Monday, January 6, 2014

Warning: Omnipotence And Excessive Insulation

As published in The County Times ( in Feb 2011

By Ronald N. Guy Jr.

Had enough of Daniel Snyder this week?  I hope not. I’m betting a few lonely emotion-stirring threads of optimism remain to be severed by Tyrannical Rex himself before you’re sent plummeting helplessly into the deepest depths of despair his horrendous ownership has repeatedly wrought upon the ‘Skins franchise.  If he’s broken your will and you must abort immediately, I completely understand.  But, if you’re still clinging to something, and you dare to risk forever blackening the faint flickers of hope, then stay with me.  I’ll try to get to the point quickly (think whiskey, not beer). 

This disclaimer was necessary of course because Snyder finally found a way to be newsworthy during Super Bowl week.  He accomplished this ultimate quest not by leading his franchise to the big game (let’s not get crazy), but by dropping a well-publicized lawsuit on a D.C. newspaper for publishing a Snyder-scathing article.  Now I won’t belabor this thoroughly covered situation further than to say Snyder’s lawsuit contends the article contained inaccurate information and anti-Semitic content that was libelous and defaming.  If you need more gouge than that, there are plenty of “Dan Snyder lawsuit” exits off the information superhighway.  More intriguing than the lawsuit and healthy reaction to it is trying to figure out how in the world this came to pass and what to take from it.   

Snyder could have played this hand countless different ways.  A lawsuit was absolutely an option; only Snyder knows how this article impacted him and it’s his right to protect his reputation against any attack.  But even if he wins the case he’ll lose resoundingly in the court of public opinion.  Snyder’s decisions shouldn’t be governed by what’s popular, necessarily, but the buying patterns of the general public, the backbone of his business, are influenced by the prevailing perception of the organization.  Frankly, if season tickets were available, I’d pass, primarily because of Snyder.  The lawsuit insures that he comes off as more unlikable: the billionaire bully strong-arming the media, just because he can.  He would have been more effective in advancing his point and business by using the media resources he owns to express his outrage and tell his side of the story.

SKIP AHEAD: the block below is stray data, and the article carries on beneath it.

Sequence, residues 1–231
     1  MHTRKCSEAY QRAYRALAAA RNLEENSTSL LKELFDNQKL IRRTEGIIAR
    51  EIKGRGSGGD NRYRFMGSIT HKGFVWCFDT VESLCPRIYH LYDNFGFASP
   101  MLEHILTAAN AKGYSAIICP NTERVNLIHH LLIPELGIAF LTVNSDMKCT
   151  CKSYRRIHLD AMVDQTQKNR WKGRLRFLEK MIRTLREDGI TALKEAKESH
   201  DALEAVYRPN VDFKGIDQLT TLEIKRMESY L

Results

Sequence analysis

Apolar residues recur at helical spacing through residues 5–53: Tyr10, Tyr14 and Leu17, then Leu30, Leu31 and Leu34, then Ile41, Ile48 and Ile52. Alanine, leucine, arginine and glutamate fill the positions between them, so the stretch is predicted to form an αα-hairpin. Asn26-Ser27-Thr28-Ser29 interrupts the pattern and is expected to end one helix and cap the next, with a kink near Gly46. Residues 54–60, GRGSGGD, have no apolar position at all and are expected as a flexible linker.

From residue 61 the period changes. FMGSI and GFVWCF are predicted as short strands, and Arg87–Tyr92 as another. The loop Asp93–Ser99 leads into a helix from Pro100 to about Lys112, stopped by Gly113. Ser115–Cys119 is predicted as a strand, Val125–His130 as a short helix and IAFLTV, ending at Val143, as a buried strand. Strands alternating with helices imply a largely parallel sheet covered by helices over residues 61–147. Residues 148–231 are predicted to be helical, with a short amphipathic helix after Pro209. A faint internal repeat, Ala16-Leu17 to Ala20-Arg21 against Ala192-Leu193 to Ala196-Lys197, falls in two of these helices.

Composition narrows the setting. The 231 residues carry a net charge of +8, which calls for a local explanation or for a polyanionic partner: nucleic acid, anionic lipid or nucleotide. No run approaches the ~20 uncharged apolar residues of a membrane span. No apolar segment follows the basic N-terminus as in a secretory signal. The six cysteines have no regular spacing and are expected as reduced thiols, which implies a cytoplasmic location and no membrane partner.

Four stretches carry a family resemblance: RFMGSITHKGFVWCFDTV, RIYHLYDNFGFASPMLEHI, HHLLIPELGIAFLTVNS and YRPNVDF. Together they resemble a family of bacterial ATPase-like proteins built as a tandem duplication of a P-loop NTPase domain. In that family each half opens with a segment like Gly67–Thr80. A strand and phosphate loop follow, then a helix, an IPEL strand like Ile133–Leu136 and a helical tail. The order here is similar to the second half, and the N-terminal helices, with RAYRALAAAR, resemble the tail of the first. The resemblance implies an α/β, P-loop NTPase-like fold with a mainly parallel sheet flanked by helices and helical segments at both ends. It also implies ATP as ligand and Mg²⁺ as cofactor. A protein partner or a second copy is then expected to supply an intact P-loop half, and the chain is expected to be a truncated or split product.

And the timing is just horrible.  The organization has worked hard to restore its credibility and faith in ownership by completely renovating its football staff (ousting Jim Zorn and Vinny Cerrato and hiring Mike Shanahan and Bruce Allen) and chain of command (Snyder claims he’s relinquished football decisions).  This lawsuit completely undermines the campaign to redefine Snyder and the ‘Skins.  Worse yet, it just seems a tacky move by one of the most powerful men in D.C.  In a recent interview Snyder offered a principled defense of his actions by saying, “what’s right is right and what’s wrong is wrong” and that this editorial was just wrong.  Interesting comment from an insensitive owner who knows the name of his franchise is offensive to Native Americans but clearly doesn’t care.  In another ironic twist, I received a Valentine’s Day promotional email this week from the ‘Skins titled “Love Is In The Air”.  Seriously.

So how in the name of John Riggins, The Hogs, Joe Gibbs, Darrell Green, Art Monk, Sonny Jurgensen, the three Lombardi trophies and everything else that’s good and holy in ‘Skins nation did this happen?  The truth is I have no idea (I’m nothing if not maddeningly honest).  What I do know is those at the top of an organization, particularly dictators, can become insulated from the practical interpretations and consequences of their actions.  This lawsuit is likely a product of Snyder’s my-way style: a persona that renders him decidedly unapproachable and unlikely to consider a dissenting opinion.  Internally his public relations team must be channeling Jerry Mcguire and desperately thinking “Dan, help me, help you.”  Ronald Reagan once said (roughly), “Surround yourself with the best people, delegate authority, and don’t interfere.”  Had Snyder brushed up on presidential history before filing this lawsuit, he could have more effectively met his objective, and his customers – the fans - wouldn’t have thought even less of their team owner.     

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